The NLTS data collection began in with a sample of more than 8, youths with disabilities from more than school districts nationwide.
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The sample consisted of special education students between the ages of 13 and 21 in the —86 school year. Data were collected in and again in , drawing on school records, parent and student inter-. Although these data are now a decade old and were collected prior to the transition requirements of the IDEA, they provide the only representative data about the secondary school achievement and post-school outcomes of special education students.
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One of the most consistent and worrisome findings of research on educational outcomes has been the high dropout rates among students with disabilities. NLTS data confirm that graduating from high school has been problematic for many; about 8 percent of students with disabilities in the NLTS sample dropped out before the ninth grade, and an additional 30 percent dropped out in grades 9 through 12, a rate higher than the national average of 12 percent for students in the general population.
On average, however, dropouts with disabilities had accumulated slightly less than 10 credits, whereas students with disabilities who graduated averaged 22 credits; this low accumulation of credits can be accounted for, at least in part, by the high course failure rate among dropouts Wagner et al. Fewer than 5 percent of students with disabilities who dropped out of secondary school ever returned to earn a diploma Wagner, S Dropout rates were particularly high for students with serious emotional disturbances; close to half of the SED students who started high school left by dropping out.
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Slightly less than 30 percent of students with learning disabilities, mental retardation, or health impairments dropped out of high school. Dropout rates were higher for minority students than for whites, and also higher for economically disadvantaged students. The NLTS sample included school districts serving secondary students in special education and 22 special schools. Districts were selected randomly from the approximately 14, U.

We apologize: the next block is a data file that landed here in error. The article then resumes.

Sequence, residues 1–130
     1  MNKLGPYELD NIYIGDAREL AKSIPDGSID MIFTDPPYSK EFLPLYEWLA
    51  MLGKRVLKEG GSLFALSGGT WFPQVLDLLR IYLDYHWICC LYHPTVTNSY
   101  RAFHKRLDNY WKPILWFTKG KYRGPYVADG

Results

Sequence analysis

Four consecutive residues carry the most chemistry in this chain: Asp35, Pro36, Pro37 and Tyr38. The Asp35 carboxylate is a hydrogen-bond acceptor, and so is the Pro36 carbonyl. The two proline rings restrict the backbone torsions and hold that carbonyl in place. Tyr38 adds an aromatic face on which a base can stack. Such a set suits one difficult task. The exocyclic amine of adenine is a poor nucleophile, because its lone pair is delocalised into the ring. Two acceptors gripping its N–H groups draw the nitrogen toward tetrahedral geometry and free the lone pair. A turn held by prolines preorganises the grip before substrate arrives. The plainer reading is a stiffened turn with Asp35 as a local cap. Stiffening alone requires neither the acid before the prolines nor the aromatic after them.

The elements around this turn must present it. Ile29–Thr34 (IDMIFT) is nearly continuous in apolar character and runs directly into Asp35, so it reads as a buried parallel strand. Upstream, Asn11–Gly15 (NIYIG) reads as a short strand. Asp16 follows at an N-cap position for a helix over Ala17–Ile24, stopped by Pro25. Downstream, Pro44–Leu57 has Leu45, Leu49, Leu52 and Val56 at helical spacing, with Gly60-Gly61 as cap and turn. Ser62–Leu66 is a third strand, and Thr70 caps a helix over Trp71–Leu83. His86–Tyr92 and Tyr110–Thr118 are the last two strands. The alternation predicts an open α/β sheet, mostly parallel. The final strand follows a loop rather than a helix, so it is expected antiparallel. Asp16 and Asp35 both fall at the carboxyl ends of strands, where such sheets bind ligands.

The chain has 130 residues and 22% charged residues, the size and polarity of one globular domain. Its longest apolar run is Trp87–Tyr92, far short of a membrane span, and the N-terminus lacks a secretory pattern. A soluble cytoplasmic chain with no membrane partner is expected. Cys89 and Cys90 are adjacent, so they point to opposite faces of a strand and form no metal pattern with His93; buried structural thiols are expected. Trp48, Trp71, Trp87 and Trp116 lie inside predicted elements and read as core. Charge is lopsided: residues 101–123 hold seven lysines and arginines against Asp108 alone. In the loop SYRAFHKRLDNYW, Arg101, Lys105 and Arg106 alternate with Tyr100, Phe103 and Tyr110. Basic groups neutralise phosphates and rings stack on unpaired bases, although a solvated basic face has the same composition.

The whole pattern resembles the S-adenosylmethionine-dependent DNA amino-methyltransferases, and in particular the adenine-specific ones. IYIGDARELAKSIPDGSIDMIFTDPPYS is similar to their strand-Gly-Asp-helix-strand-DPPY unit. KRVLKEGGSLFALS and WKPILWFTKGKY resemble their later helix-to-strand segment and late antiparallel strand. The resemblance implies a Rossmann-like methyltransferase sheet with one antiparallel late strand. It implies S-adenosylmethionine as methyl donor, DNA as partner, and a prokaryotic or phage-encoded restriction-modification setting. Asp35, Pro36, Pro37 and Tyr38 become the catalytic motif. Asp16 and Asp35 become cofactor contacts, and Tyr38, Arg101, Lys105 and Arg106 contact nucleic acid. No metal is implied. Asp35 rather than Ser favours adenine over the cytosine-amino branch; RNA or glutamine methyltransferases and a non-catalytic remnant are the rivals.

Students were selected from rosters of all students in special education in the —86 school year who were in grades 7 though When possible, the study authors created a comparison group of the general population of youth using data from the National Longitudinal Survey of Youth. Further details regarding the sample and weighting procedures can be found in Wagner et al. In some places, special education students do not qualify for the standard high school diploma unless they have met the criteria for that diploma. Nineteen states require a specific number of credits for the diploma and hold students with disabilities to that same standard.
In nine states, however, students with disabilities are awarded the standard diploma but without necessarily being held to the general criteria; instead, criteria are modified and the standard diploma is usually offered upon successful completion of the IEP. In other states, some kind of test must be passed as one of the requirements for a diploma. In —95, 17 states used this type of exam along with successful completion of required coursework to determine whether a student earned a standard diploma Bond et al. Of the 17 states with graduation exams, 5 allowed special education students with IEPs to receive a graduation diploma without passing, or even taking, the exam.
In these states, students with disabilities could be "exempted" from the assessment, yet still receive a diploma if coursework requirements were met and these could be met through alternative, special education courses Thurlow et al.